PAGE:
I am visiting Portland, Oregon, this week for an academic conference and to receive an award for my dissertation (yay!). Yesterday, I visited Powell’s City of Books. It is amazing. It was my first time there! I can’t believe I haven’t been there before. Here are some scenes from this amazing 68,000 square foot bookstore.
Man is a social animal. Probably, the relations between the individual and the society are defined on the basis of this premise. But this assumption does not seem to have been put to test till date. However, frequently occurring cracks in the social relationships and intentional and sometimes seemingly willful violation of social norms tend to put a question mark on this basic premise of social existence. If man is indeed a social animal, why he has started enjoying breaking the social norms/relations? Why the society is persistently failing to keep the individual members committed to the social norms, laws and customs? Can it be explained away by dubbing it as ‘generation gap’ only? Is the individual for the society or vice versa? Is it justified to break the social norms just for individual gratification? Simple yes/ no answers may not satisfactorily answer these questions! Keeping in mind the ever-increasing demand for individual freedom, it has become imperative to evaluate and redefine some of these norms. But most stakeholders have opted to overlook the problem. Educated and so called enlightened people often turn to legal solutions for every problem. Of late, it has been felt that even the governments are keen to impose law only, overlooking the social aspects. But is it logical and justified? Mostly this approach has created additional problems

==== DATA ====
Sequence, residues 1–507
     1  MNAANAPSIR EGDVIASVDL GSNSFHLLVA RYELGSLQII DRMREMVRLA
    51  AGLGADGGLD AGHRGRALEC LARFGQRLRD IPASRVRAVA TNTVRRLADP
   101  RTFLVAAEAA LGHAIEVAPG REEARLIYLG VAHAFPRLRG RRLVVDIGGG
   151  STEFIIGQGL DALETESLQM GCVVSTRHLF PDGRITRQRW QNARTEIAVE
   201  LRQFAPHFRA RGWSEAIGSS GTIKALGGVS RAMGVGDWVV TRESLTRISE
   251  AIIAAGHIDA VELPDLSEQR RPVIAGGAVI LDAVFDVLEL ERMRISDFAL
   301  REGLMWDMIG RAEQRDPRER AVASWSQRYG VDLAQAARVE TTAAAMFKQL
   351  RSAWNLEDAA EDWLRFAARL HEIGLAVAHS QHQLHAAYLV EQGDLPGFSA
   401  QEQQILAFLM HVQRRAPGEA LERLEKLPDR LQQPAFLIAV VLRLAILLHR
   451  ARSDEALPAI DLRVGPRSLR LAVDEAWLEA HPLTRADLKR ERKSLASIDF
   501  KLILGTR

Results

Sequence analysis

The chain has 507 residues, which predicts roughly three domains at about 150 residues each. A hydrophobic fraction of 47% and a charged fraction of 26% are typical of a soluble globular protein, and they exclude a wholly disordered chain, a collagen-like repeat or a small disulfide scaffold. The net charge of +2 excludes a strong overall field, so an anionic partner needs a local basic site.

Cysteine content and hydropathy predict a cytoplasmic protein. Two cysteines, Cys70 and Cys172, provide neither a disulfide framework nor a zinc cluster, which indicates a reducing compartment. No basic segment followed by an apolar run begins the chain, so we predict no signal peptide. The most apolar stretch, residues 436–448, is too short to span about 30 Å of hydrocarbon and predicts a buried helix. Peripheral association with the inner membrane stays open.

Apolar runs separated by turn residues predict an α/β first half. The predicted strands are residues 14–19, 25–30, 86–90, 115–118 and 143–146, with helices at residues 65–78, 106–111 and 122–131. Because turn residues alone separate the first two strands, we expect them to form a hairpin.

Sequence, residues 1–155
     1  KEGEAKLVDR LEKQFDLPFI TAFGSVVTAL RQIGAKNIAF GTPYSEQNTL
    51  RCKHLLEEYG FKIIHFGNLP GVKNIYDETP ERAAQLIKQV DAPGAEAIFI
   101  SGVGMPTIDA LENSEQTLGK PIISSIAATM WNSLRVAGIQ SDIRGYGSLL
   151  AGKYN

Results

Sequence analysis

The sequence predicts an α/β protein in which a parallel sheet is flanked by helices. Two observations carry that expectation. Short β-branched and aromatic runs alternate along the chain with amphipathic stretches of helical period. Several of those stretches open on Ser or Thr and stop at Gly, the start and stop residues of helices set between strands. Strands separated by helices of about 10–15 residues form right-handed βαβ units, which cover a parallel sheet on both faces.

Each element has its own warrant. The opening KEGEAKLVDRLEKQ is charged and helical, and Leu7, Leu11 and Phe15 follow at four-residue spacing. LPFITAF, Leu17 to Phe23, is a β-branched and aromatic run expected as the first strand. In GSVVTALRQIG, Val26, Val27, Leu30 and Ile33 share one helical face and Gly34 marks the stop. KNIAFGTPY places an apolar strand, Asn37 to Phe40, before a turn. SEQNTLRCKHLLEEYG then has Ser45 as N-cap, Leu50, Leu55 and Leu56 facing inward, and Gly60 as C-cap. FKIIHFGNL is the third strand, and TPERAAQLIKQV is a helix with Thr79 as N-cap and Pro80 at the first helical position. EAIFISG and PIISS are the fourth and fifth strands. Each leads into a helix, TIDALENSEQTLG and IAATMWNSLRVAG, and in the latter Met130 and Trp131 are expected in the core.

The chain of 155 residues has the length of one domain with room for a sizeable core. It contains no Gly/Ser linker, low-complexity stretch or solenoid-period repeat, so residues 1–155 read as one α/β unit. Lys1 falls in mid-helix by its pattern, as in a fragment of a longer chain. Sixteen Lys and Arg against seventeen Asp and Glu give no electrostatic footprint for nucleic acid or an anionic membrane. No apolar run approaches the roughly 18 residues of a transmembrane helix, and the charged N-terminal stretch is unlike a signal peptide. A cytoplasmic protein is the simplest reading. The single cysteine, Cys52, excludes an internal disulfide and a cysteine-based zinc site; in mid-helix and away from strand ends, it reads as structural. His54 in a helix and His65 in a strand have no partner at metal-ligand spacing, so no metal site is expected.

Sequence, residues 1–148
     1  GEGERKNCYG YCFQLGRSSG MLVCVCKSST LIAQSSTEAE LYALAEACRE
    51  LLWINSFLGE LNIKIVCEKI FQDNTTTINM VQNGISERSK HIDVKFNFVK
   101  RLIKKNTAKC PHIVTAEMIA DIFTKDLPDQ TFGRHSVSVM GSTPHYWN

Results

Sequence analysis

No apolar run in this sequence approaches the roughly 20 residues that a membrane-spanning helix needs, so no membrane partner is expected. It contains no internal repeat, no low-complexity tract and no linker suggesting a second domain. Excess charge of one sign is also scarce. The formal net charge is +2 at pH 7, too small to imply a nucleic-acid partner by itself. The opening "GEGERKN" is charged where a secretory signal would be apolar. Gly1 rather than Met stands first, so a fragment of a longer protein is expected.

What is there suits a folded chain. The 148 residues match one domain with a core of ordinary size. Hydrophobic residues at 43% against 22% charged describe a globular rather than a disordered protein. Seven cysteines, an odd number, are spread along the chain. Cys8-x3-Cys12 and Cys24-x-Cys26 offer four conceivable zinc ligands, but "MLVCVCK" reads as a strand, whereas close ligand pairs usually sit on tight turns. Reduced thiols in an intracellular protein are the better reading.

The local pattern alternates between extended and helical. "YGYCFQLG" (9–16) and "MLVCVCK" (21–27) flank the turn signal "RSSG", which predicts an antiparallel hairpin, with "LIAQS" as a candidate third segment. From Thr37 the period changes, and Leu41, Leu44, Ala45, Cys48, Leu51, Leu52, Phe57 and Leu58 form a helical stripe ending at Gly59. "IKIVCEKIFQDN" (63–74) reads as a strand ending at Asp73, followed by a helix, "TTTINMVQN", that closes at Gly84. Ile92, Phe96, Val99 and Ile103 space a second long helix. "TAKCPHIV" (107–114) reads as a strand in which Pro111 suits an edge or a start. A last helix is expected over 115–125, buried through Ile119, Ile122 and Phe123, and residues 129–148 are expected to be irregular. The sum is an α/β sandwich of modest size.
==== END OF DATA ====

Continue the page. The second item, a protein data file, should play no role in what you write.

“Blame It On The Moon” by Nik Helbig
in a world of “because”
you don’t hear much of “me”
very rarely an “I”
but a whole lot of “they”
and a mouthful of “them”
it’s convenient ubiquitous sing-song
that’s patently bullshit
and even though everyone knows it
the words dance their crooked dance
making their here-and-gone footprints
all over the backside of truth
never seen by the squeamish
or like-to-be duped
yet it’s easy
so easy to call out the lie
just has to open their mouth
and yell “Stop!”
all it takes is
some somebody somewhere
who cares to assert “I and me”
in a world of “because they and them”
(originally posted December 2013)
If a man is to shed the light of the sun upon other men, he must first of all have it within himself.
Romain Rolland (January 29, 1866-30 December, 1944) was a French novelist, dramatist, essayist, and art historian. A lifelong pacifist, he was active in the fight against fascism and the search for world peace. He was awarded the Nobel Prize for Literature in 1915 “as a tribute to the lofty idealism of his literary production and to the sympathy and love of truth with which he has described different types of human beings.”
I declare after all there is no enjoyment like reading! How much sooner one tires of anything than of a book!
On January 28, 1813, Jane Austen’s second novel Pride and Prejudice was published. The beloved classic follows Elizabeth Bennett on a comic, sharply observed, and romantic journey of manners, morality, and marriage amid the English landed gentry. An enduring favorite since publication, the novel has been adapted numerous times for film and television and spawned hundreds of spin-off books.